CW: Eating Disorder
we don’t talk about it anymore, not since we dissected
the body of it. i wish we’d done it sooner, hate that i didn’t know
what you needed, who you needed, why you needed
do you remember the summer you returned? you left slim, perhaps a little
delicate. you came back a spindle of spider-silk. angular as a church
your fragile bones dug trenches
gutted, pitted, pulped, we laid our earth aside – thinking:
let her make this hollow space, let her dig until she is tired and then
won’t she eat?
we did not know the bible-fever in your veins. the god you were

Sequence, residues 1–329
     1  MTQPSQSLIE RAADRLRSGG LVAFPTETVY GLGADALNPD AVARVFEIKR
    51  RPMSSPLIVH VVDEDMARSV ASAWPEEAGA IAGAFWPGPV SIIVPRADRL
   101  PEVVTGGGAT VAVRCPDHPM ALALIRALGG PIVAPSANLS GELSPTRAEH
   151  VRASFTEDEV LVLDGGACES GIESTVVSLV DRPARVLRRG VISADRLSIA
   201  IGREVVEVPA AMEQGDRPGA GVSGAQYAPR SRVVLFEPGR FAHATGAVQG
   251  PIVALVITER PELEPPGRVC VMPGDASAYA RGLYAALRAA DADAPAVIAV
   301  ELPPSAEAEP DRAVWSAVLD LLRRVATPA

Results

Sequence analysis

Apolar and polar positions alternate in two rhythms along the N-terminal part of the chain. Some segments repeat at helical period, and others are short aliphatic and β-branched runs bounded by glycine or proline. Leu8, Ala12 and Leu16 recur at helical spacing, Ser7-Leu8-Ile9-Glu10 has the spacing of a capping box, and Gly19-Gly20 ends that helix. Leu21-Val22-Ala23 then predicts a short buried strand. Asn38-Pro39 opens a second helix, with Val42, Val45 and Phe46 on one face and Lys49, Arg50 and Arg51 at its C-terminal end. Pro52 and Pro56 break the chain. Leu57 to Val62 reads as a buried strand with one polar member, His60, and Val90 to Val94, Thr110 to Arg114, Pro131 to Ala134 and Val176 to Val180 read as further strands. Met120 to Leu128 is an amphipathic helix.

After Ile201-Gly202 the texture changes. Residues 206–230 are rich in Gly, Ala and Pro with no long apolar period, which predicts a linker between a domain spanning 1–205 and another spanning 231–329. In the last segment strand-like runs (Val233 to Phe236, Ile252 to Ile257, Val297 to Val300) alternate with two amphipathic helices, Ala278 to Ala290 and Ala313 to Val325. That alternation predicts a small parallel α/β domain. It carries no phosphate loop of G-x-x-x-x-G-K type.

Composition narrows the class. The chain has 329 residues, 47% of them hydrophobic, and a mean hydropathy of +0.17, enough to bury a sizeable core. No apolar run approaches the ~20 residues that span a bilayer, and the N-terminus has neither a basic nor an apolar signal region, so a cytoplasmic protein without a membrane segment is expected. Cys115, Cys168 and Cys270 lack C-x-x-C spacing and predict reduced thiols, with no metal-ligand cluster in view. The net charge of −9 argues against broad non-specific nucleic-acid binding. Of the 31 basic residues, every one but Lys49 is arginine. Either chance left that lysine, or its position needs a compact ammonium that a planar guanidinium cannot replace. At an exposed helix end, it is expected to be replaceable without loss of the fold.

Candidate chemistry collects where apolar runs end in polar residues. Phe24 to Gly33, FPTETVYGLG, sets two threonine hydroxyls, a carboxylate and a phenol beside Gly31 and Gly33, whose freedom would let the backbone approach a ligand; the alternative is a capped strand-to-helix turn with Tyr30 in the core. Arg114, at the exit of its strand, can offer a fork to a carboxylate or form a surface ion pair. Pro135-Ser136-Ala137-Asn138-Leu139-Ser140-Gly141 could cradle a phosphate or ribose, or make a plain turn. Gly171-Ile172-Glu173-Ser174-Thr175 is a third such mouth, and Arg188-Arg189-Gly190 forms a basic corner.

seeking, the god speaking in your throat. we did not understand the depth
of it, the hunger of it, the you-would-have-chewed-your-body-empty-if-
bite of it
your mother bathed you in the muggy belly of July
and she wept as she brushed a sponge across your spine
you only tell me this years later, drunk and tired. you tell me how she cried
because daughters should be eternal. daughters should not be skeletons.
daughters should not die.
when you tell me, i feel we are standing on the edge of surgery, an audience
to the main event. we see blood, sinews, cavity. you take my hand then and
you show me:
This is where my god was. This is why I killed him.
About the Author:
Rebecca Hooper is a scientist and poet based in southwest England. Her most recent published poem was nominated for The Pushcart Prize, and her latest short story was a competition winner with Exeter City of Literature.